UC Berkeley’s Central Sierra Snow Lab, which conducts research related to California water resources and climate change, saw intense snow storms this month, receiving 54 centimeters of snow in 24 hours, according to a tweet from the CSSL.
Lead scientist and manager at the Central Sierra Snow Lab, or CSSL, Andrew Schwartz said the snowpack reached approximately 11 feet deep across the site, and up to 20 feet next to the lab. He added that the facility was built robustly to withstand even the harshest of winters.
“This winter has been a particularly exciting one, and I’m looking forward to seeing if we continue to sustain our above-average snowpack and experience additional atmospheric rivers,” CSSL station director Neil Tsutsui said in an email.
Located in the Sierra Nevada Mountains, CSSL collects and provides high-quality data to help track, forecast and manage water in the state.
Tsutsui said in an email that “snow science has never been more important” and emphasized the crucial role snow plays in providing water to California.
CSSL has been collecting in-person, manual snow measurements continuously since its construction in 1946, according to Tsutsui.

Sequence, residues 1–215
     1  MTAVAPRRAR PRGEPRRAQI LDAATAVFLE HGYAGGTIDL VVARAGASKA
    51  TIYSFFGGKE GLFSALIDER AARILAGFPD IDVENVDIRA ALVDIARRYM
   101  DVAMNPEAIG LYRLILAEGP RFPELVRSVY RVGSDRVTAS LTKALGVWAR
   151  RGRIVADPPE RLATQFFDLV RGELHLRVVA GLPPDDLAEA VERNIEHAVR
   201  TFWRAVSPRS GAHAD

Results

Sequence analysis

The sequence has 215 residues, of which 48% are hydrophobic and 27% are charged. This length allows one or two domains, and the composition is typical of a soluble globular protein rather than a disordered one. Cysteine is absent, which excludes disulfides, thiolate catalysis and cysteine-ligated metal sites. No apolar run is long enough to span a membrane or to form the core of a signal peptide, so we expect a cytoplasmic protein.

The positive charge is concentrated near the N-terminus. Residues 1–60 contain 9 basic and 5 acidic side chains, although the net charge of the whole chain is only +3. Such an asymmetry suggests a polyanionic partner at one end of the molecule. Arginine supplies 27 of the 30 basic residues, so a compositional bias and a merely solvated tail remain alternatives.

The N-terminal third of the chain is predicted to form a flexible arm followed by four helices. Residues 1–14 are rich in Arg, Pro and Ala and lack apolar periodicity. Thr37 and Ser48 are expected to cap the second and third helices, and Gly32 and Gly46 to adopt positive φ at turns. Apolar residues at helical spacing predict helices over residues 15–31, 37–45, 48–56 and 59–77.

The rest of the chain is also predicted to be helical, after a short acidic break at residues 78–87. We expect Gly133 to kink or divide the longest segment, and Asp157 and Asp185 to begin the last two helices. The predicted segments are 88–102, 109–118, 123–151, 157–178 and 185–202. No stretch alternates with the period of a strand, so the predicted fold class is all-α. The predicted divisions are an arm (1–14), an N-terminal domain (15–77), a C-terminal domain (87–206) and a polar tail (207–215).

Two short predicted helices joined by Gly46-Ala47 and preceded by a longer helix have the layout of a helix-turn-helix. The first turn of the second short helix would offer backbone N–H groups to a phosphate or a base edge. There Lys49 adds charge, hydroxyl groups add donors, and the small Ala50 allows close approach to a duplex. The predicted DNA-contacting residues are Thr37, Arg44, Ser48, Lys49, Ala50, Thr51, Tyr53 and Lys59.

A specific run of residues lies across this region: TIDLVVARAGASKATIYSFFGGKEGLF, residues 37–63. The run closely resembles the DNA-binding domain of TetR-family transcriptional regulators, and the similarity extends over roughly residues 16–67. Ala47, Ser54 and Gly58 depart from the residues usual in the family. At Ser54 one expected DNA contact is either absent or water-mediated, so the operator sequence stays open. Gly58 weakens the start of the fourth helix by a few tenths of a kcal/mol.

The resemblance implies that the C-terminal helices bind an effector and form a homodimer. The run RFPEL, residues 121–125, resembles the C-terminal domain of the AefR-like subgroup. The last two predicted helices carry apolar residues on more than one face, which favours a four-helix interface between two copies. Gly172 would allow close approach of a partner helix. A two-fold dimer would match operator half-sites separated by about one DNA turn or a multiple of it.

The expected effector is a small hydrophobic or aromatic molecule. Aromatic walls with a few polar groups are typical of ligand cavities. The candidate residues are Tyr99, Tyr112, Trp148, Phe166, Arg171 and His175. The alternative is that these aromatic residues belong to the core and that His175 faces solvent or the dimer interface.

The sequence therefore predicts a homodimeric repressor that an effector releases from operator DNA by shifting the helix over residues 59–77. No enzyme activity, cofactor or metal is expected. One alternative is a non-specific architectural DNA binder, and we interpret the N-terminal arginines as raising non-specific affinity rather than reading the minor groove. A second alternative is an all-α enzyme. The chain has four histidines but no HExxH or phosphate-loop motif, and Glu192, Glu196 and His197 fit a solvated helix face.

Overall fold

According to Schwartz, the lab’s research focuses on how climate change affects snow and precipitation, the impacts of wildfire on water and snowpack, rain-on-snow events and the development of new instrumentation.
As part of their research, Schwartz and his team of graduate and undergraduate students and staff collect daily observations of snowfall, snowpack depth and snow water.
“We’re seeing a decrease in the amount of snow that we get every year and we’re getting more rain in the winter, which can cause problems when it melts snow or loads the snow with water that can create avalanches,” Schwartz said in an email.
Schwartz noted increases in snow evaporation and sublimation in recently burned forest was another finding from their research which he found concerning. He added that CSSL maintains and continues some of the longest snow records in the world, with the oldest dating back to 1878.
Former faculty director of CSSL Robert Rhew said the researchers have been able to compare their current findings against CSSL’s decades-old database of snow records.
“Last winter saw a whipsaw type of climate variability, going from one extreme to another,” Rhew said in an email. “We went from the snowiest December on record right into the longest period of no snow on record.”
Moving forward, CSSL will continue to explore research related to climate change, according to Schwartz.
Schwartz noted CSSL will also focus on improving precipitation measurement and prediction methods to help water modelers and managers handle droughts and large storms, such as the one seen this winter.
“The Snow Lab is an important setting for testing new, cutting edge techniques and technologies, and our long history allows us to ground-truth them against traditional approaches,” Tsutsui said in an email.